More evidence hints that hydroxychloroquine doesn’t help treat COVID-19. A malaria drug showed no benefit over standard care in two preliminary studies examining how well hydroxychloroquine works against the coronavirus. By Tina Hesman Saey, April 21, 2020.

LAWYERS FOR OUSTED VACCINE OFFICIAL PLAN WHISTLEBLOWER COMPLAINT Lawyers for Dr. Rick Bright announced that their client will file a whistleblower complaint based on the top vaccine official’s allegations he was ousted from his post for pushing back against Trump’s promotion of hydroxychloroquine as a coronavirus treatment. The complaint will detail Bright’s allegation that he was ousted as director of the agency responsible for developing the drugs to fight the coronavirus pandemic in retaliation for raising science-based concerns about White House pressure on treatment and vaccines. [HuffPost]

TRUMP ‘APPROVED’ OF GEORGIA’S REOPEN PLAN BEFORE BASHING IT Trump and Vice President Mike Pence repeatedly told Georgia Gov. Brian Kemp that they approved of his aggressive plan to allow businesses to reopen, just a day before Trump pulled an about-face and publicly bashed the plan. The green light from Pence and Trump came in separate private conversations with the Republican governor before Kemp announced his plan to ease coronavirus restrictions. Trump’s sudden shift came only after top health advisers reviewed the plan more closely. [HuffPost]

YOUR SURVIVAL MAY DEPEND ON HOW MUCH YOUR GOVERNOR FEARS TRUMP Whether you live or die because of this pandemic could very well depend on how afraid your governor is of Trump. Across the country, how readily the coronavirus is spreading in your state roughly correlates with how early your governor issued a stay-at-home order – which in turn tracks how willing your governor was to buck Trump’s attempts to downplay the outbreak. And that correlation is showing a strong partisan break, with Democratic governors typically taking action days or weeks before their Republican counterparts. [HuffPost]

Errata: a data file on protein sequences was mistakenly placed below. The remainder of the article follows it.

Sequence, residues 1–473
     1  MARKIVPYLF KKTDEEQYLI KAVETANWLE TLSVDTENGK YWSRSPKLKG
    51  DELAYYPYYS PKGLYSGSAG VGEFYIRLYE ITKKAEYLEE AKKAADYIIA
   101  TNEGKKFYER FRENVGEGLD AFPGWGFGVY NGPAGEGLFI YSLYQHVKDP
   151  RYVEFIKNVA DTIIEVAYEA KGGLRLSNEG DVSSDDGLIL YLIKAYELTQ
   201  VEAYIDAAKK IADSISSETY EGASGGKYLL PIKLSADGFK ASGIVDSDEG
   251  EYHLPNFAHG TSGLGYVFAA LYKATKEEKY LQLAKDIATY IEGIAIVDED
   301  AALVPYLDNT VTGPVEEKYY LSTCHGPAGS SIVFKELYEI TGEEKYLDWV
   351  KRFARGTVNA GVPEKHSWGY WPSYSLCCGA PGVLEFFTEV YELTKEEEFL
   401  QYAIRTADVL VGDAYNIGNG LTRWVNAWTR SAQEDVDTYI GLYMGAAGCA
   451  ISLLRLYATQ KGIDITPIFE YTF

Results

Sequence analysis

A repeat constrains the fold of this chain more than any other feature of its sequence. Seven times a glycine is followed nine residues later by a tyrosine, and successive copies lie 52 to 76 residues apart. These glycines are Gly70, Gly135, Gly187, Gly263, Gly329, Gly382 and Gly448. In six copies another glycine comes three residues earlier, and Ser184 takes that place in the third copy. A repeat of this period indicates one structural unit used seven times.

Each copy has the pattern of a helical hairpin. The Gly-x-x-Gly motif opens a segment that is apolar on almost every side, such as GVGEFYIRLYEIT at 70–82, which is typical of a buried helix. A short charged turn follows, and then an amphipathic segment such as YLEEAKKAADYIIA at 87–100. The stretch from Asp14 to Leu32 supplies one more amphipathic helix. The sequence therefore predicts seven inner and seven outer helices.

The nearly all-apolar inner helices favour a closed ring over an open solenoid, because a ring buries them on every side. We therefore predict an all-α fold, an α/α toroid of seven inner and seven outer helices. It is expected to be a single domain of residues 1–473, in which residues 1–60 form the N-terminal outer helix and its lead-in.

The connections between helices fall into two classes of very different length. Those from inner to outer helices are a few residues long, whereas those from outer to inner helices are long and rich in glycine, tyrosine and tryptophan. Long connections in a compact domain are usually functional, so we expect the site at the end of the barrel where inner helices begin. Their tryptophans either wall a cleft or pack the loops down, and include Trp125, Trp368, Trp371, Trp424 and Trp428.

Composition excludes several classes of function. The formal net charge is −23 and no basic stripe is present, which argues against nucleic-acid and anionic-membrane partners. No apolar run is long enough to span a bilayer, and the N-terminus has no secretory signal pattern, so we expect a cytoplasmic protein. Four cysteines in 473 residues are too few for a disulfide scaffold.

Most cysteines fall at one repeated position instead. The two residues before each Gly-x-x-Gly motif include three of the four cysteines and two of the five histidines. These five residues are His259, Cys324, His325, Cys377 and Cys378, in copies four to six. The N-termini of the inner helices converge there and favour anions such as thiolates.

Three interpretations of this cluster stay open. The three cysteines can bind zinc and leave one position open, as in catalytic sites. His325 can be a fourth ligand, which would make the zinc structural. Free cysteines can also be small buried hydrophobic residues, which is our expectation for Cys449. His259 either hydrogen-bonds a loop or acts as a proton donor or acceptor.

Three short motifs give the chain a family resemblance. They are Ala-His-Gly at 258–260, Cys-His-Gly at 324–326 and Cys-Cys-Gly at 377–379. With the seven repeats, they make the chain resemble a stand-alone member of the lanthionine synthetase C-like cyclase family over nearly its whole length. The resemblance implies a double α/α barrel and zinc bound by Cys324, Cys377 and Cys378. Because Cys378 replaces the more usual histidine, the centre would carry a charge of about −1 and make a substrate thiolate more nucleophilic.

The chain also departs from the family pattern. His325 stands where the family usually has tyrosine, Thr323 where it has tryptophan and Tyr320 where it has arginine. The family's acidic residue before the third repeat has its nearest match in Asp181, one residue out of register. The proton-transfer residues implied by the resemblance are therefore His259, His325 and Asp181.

Trump health spokesman tweets about Soros and Rothschild family ‘control’: here.

NEW HHS SPOKESPERSON DELETED RACIST TWEETS Michael Caputo, the former 2016 campaign adviser to President Donald Trump who was recently appointed the top spokesperson for the Health and Human Services Department, has deleted a number of racist and offensive tweets he published as the coronavirus pandemic spread across the U.S. Caputo deleted all of the tweets on his personal account prior to April 12 and, on Thursday, he directed his followers to the official Twitter account of the HHS assistant secretary for public affairs, the job he now has. [HuffPost]

TRUMP SPENT YEARS UNDERMINING CHARITIES NOW CRUCIAL TO CORONAVIRUS FIGHT Millions of the world’s most vulnerable people are facing the coronavirus pandemic with worse health care than they had just a few years ago because of the choices of one man: Trump. Trump’s changes to U.S. foreign aid ― a tiny portion of the American government’s budget but traditionally the largest source of funding for many international charities ― forced some clinics to close and reduced supplies for others. [HuffPost]

PAT ROBERTSON SUGGESTS ABORTION, GAY MARRIAGE AMONG REASONS FOR CORONAVIRUS Televangelist Pat Robertson claimed abortion and same-sex marriage are partly to blame for the coronavirus. The 90-year-old Christian Broadcasting Network founder suggested that God won’t end the coronavirus pandemic until people “turn from their wicked ways.” “You confess your sins and forsake them. Then he heals the land. It’s not before,” he said on an episode of his show, “The 700 Club.” [HuffPost]

MAXINE WATERS REVEALS HER SISTER IS DYING OF COVID-19 Rep. Maxine Waters (D-Calif.) revealed on the House floor that her sister is dying of the coronavirus. The lawmaker, who chairs the House Financial Services Committee, discussed her sister’s condition while speaking in support of the latest coronavirus relief bill, which passed in the Senate earlier this week and passed in the House Thursday. “I’m going to take a moment to dedicate this legislation to my dear sister who is dying in a hospital in St. Louis, Missouri, right now, infected by the coronavirus,” Waters said. [HuffPost]

Coronavirus patients admitted to Queens nursing home — with body bags.

I’m in prison during a pandemic and it’s tense. I worry it may turn deadly.